Wind News Around the World

For the first time, banks are providing financing for an offshore wind farm in the UK while it’s under construction.

10 banks are financing the 270 megawatt (MW) Lincs wind farm off the coast of northeast England, being built by Centrica, Danish utility Dong Energy, and Siemens, says Bloomberg New Energy Finance.

"The commercial appetite for offshore wind is growing despite the ongoing sovereign-debt crisis," says Fraser Johnston, an analyst with New Energy Finance.

The $660 million funding agreement includes HSBC, Nordea Bank, Lloyds and Bank of Tokyo-Mitsubishi. In addition to the banks, the developers are paying about half the costs.

Due to be fully operational early next year, the project will power 200,000 homes.

In related news, private equity firm First Reserve and Spain’s Renovalia Energy will jointly invest in wind farm projects in Europe and North America.

Renovalia Reserve will have about $1 billion to spend with $150 million each from First Reserve and Renovalia, and other investors.

In the US, a 500-mile transmission line has received federal approval from FERC to connect wind farms in the midwest to power markets in Illinois and some eastern states by 2017.

The $1.7 billion Rock Island Clean Line project uses very efficient high-voltage, direct-current lines that can send up to 3.5 GW of wind and other renewables from Iowa, Nebraska, South Dakota and Minnesota to communities east.

Clean Line Energy, based in Houston, wants to build thousands of miles of power lines to carry renewable energy and has four projects under development.

Off the coast of Boothbay, Maine, oil company Statoil wants to build the world’s largest offshore floating wind farm. It has already built one off the coast of Norway.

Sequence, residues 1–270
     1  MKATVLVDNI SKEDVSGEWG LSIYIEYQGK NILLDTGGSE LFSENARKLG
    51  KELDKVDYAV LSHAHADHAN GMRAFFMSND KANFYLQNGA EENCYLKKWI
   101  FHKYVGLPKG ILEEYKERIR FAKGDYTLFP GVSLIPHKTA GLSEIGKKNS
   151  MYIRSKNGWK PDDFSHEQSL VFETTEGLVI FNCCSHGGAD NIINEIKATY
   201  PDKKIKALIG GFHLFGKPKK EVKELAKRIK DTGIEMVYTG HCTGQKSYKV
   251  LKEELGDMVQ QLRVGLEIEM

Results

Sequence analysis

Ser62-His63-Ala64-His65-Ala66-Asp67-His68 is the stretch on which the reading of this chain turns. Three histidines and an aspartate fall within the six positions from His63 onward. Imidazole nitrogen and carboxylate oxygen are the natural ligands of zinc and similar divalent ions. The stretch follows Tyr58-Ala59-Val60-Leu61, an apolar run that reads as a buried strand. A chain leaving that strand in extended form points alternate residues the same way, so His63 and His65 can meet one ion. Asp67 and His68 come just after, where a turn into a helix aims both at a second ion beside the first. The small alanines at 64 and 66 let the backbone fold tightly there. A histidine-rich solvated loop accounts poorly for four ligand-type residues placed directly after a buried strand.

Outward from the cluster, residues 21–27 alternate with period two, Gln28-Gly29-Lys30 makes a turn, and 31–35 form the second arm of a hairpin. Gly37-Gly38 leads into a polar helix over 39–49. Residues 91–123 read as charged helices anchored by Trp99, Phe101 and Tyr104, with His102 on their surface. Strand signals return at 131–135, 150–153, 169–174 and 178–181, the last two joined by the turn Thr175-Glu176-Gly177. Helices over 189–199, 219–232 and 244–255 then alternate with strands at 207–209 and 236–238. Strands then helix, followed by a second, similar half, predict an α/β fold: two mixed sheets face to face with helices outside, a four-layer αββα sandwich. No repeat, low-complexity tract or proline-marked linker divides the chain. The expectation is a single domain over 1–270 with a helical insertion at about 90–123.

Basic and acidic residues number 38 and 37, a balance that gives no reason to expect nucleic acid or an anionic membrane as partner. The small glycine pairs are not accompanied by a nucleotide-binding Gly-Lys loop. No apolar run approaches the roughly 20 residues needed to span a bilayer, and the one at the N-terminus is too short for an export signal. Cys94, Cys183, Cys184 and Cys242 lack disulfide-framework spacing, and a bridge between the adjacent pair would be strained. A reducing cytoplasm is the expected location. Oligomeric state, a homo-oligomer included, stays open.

Besides being close to major cities and have strong, steady winds, Maine is considered a prime location for offshore wind projects because of state policy and the University of Maine’s Offshore Wind Energy Lab, where they are working on tools for construction and siting that conflict the least with other uses.

And in Oregon, residents of Sherman County got a $590 check in the mail last Christmas for the third year in a row – their share of the county’s annual revenues from wind. Alaska residents get a check every year from oil revenues, this is a first for wind. Under the county’s agreement with the wind companies, the payments continue until 2025. The very windy county produces 43% of Oregon’s 2,305 MW.

Meanwhile in India, Suzlon Group, the world’s fifth largest wind turbine manufacturer, signed a partnership with CGN Energy – a subsidiary of China Guangdong Nuclear Power Group – to develop 800 MW of domestic and international projects over the next three years. They are looking for the most viable projects at the moment in Brazil, South Africa, India, and China.

China will miss its ambitious offshore wind target of 5 GW by 2015, making its goal of 30 GW by 2020 basically unachievable.

In 2010, four contracts were handed out totalling 1 GW, but construction has yet to begin on any of them. This year another 2 GW of projects were scheduled to be awarded, but that’s been put on hold.

China has only 258 MW of offshore wind installed, according to the Global Wind Energy Council. Apparently, planners simply under-estimated the complexity of building offshore wind farms.

In Vietnam, construction of the 500 MW Mekong Delta Wind Power Centre is underway, the nation’s largest wind farm.

Funded with a $1 billion loan from the US Export-Import Bank and Vietnam Development bank, it will come online in 2015.

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